But if this is the only reason, why must these tools of insolence be placed on the altar – the object of holiness? Couldn’t they be placed at the entrance to the Tabernacle, more publicly, and further away from the most sacred places? Putting heads on spikes at the gates of the city makes sense, but to put them on the President’s dinner table?! Ew.
With this command, the Torah seems to be acknowledging that the service of Korah’s group was, in some regard, valid: the firepans “became holy” through their actions. This is certainly at odds with the severe punishment that they received. Not only the rebels themselves, but everything they had was swallowed up into the earth. Now we learn that not everything they touched was condemned.
Our commentators suggest reasons as to what, exactly, was valid, holy even, about the incense offering of Korah and his followers.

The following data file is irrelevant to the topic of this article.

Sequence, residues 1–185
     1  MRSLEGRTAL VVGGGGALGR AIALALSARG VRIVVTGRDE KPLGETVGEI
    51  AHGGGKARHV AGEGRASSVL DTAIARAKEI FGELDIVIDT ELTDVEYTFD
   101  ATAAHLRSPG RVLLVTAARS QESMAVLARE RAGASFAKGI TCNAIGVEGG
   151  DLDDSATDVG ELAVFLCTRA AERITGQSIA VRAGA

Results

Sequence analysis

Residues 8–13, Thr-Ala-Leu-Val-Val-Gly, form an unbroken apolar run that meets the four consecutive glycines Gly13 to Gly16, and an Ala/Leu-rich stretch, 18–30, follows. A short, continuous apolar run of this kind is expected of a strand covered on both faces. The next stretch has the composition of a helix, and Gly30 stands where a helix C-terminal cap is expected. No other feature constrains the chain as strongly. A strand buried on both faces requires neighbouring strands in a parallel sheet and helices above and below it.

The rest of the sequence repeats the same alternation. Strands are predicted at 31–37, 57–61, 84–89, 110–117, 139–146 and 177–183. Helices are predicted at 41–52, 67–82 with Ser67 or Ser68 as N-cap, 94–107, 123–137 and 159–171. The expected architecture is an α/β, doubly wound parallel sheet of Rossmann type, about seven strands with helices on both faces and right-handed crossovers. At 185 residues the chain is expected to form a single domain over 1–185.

Ramban suggests that as Moses told them to bring the incense, this was enough to confer some degree of holiness. The Or HaHaim explains that this is strictly about the pans themselves: as they were made for holy service, even though they were misused, they retain holiness. The Emek Davar claims that Korah and his followers may have been wrong to challenge Moses and Aaron’s leadership, but that their intentions were pure in the act of offering incense before God.
These explain why the firepans have some holiness to them, but how does this justify using them to plate the altar?
Our verses say that they are to be an “ot,” a “sign” for benai yisrael. An “ot” is generally indicitive of something positive: Tefillin are described as an “ot al yedaykhem” – a sign on our hands to remind us of our relationship with God through Torah. Aaron’s staff that bursts into flowers and almonds is an “ot” to emphasise to the people that Aaron was selected as priest. The rainbow is an “ot” of the covenant with Noah to preserve the earth. Moses is given “otot” by which people in Egypt may know that he is an emissary of God.